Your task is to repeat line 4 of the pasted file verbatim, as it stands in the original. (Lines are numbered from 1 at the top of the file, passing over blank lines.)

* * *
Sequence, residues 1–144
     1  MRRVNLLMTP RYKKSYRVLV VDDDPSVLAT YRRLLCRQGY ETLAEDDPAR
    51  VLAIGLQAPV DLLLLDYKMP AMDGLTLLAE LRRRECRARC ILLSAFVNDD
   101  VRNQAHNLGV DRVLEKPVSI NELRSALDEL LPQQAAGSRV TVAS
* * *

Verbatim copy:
   101  VRNQAHNLGV DRVLEKPVSI NELRSALDEL LPQQAAGSRV TVAS